Cover image for What to listen for in music
Title:
What to listen for in music
Author:
Copland, Aaron, 1900-1990.
Personal Author:
Edition:
Revised edition.
Publication Information:
New York : Mentor, [1999]

©1999
Physical Description:
xxxii, 266 pages : music ; 18 cm
General Note:
"This is a revised edition of an authorized reprint of a hardcover edition published by McGraw-Hill"--T.p. verso.
Language:
English
Subject Term:
ISBN:
9780451628800
Format :
Book

Available:*

Library
Call Number
Material Type
Home Location
Status
Central Library MT6.C78 W4 1999 Adult Non-Fiction Non-Fiction Area
Searching...
Central Library MT6.C78 W4 1999 Adult Non-Fiction Non-Fiction Area
Searching...

On Order

Summary

Summary

Adventure Sport Physiology provides students and professionals with a well-written, accessible introduction to the science underlying a variety of adventure sports. It is the first textbook written specifically for this increasingly popular field of study. Divided into two parts, the first provides the foundations for adventure physiology, the second the specific physiological and environmental demands of a range of adventure sports including kayaking, canoeing, sailing, windsurfing, climbing, mountaineering and skiing.Written by two adventure sports performers with extensive teaching and coaching experience, Adventure Sport Physiology will prove invaluable to students taking courses in adventure and outdoor education and professional instructors involved in such activities. In addition, students of sport and exercise science and physical education will find this an excellent introduction to the physiological response to exercise. Clearly explains the basic physiological principles andap0plies them to a variety of land and water-based sports. In full colour throughout, it includes numerous illustrations, together with key points and chapter summaries to reinforce learning. Contains original pieces fro elite and high-level athletes describing the physiological demands of their particular sport in a real-world context. These include London sports personality of the year Anna Hemmings, respected climbers Dave Macleod and Neil Gresham, and Olympic medallists Tim Brabants and Ben Ainslie. Dedicated web site contains an original sample training programme and a set of adventure sport specific exercises.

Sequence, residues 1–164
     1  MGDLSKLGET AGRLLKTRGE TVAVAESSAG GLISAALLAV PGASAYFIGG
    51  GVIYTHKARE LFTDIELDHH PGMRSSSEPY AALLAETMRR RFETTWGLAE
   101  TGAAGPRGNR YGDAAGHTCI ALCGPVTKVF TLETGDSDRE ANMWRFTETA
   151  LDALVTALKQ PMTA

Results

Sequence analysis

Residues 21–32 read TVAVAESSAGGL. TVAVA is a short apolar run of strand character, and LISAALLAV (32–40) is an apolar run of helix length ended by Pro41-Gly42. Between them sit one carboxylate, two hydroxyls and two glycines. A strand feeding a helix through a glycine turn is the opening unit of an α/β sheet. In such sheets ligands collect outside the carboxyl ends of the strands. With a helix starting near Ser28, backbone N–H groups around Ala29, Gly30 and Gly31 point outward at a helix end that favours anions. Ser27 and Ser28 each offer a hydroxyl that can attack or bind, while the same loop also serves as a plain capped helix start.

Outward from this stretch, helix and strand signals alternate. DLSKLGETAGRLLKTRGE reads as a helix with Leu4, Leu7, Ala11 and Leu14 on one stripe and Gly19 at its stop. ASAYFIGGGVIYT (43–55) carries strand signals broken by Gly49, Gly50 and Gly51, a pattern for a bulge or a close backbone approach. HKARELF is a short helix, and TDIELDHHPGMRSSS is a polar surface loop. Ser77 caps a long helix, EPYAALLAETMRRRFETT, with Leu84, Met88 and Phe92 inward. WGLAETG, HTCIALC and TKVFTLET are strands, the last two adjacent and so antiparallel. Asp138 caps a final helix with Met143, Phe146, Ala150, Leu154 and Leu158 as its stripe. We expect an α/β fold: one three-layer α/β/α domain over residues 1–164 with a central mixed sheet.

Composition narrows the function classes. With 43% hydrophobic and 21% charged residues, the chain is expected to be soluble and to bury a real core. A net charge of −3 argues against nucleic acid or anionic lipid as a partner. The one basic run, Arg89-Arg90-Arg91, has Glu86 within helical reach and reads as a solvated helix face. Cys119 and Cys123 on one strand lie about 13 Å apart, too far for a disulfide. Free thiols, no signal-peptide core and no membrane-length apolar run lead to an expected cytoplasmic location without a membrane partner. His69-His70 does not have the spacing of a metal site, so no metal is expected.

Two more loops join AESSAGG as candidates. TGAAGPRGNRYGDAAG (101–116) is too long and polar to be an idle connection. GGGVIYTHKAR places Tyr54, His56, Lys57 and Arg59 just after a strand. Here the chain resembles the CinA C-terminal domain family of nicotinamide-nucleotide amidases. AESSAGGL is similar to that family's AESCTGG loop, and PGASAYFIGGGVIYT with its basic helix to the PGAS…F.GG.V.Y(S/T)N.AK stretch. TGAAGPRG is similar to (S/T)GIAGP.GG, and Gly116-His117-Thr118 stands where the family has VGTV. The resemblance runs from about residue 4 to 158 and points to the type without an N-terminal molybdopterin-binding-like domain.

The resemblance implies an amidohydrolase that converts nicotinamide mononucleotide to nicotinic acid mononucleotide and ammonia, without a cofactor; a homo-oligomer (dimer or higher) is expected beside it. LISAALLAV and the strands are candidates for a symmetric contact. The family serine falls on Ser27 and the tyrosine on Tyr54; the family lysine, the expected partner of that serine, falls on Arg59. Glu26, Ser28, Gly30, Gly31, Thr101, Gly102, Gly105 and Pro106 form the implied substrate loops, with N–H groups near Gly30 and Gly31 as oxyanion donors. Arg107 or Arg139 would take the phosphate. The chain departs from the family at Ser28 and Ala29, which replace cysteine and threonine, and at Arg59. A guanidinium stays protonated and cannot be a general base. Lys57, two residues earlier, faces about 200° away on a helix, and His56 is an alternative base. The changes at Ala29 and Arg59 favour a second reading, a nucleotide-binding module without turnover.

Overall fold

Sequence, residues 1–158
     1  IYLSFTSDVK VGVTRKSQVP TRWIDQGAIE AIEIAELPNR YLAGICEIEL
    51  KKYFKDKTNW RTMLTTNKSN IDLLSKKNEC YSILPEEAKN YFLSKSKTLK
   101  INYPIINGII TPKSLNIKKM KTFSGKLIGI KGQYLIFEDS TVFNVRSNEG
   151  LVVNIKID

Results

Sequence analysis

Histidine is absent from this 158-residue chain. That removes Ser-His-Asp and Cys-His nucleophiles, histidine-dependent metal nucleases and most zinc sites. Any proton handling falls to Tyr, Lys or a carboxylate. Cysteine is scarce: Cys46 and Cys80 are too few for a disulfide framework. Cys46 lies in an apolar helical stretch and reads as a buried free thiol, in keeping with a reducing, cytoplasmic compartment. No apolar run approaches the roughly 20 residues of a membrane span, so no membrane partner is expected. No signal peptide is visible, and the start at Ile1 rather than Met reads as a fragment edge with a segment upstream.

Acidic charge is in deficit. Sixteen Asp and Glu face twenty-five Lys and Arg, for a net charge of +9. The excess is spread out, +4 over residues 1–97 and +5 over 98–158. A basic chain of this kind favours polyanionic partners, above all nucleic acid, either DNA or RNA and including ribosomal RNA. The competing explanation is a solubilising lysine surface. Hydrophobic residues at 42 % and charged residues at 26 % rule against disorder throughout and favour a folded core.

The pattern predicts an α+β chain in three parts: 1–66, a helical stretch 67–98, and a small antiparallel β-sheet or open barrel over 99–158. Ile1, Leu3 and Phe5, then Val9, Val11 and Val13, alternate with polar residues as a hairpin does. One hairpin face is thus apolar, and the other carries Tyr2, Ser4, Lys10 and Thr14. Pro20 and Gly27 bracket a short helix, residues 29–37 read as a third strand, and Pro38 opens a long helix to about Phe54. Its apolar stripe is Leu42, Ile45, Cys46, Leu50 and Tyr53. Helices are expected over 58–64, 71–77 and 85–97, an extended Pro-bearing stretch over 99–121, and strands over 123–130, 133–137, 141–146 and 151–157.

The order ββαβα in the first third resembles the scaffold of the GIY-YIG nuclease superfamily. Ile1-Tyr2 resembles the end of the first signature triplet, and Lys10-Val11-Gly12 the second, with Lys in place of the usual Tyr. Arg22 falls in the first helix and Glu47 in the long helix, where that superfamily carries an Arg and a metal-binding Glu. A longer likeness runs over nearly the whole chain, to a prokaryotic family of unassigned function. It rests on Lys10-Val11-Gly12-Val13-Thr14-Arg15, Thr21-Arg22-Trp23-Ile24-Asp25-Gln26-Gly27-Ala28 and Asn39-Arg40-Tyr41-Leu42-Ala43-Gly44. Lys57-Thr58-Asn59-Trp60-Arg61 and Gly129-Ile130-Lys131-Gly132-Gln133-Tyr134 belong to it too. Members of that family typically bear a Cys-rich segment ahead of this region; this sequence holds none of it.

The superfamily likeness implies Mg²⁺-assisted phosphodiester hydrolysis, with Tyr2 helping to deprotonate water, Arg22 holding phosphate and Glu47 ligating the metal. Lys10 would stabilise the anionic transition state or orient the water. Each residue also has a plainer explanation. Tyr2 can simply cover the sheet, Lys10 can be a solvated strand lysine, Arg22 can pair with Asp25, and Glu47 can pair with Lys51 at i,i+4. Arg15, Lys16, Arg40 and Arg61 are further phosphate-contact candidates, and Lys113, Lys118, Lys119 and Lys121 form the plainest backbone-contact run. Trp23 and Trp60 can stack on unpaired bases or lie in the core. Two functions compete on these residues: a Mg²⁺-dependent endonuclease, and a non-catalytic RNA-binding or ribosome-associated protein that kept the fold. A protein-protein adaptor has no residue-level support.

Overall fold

Author Notes

Born in Brooklyn, New York, Aaron Copland was inspired by a piano recital that he heard at the age of 13. From that point on, he thought earnestly about a career in music. At the age of 14 he began piano lessons, being taught by one of his sisters. He soon demanded and received more formal training. By 1916, Copland knew that he wanted to be a composer. He was accepted as the first student at the newly established music school for Americans in France. There he studied composition and orchestration with Nadia Boulanger.

Supported early in his career by Serge Koussevitzky, Copland employed folk elements in many of his compositions, among them Billy the Kid (1938), Appalachian Spring (1945), and Rodeo (1942). Copland exerted enormous influence on the development of younger American composers by sponsoring concert series, festivals, artistic colonies, and competitions.

(Bowker Author Biography)


Reviews 1

Library Journal Review

This is a reprint of the enormously popular 1957 edition of Copland's guide to music. There is no new text by Copland, only a new introduction by composer William Schuman, which is more an encomium to the ``Dean of American Music.'' In large measure, the book owes its success to its simple, jargon-free language and engaging style. One wishes, though, that Copland might have added an assessment of the musical scene of the past 30 years. The bibliography has not been updated and is thus virtually useless, with the most recent entry 1955. Nonetheless, the book remains an excellent guide for the novice. Larry Lipkis, Moravian Coll., Bethlehem, Pa. (c) Copyright 2010. Library Journals LLC, a wholly owned subsidiary of Media Source, Inc. No redistribution permitted.


Google Preview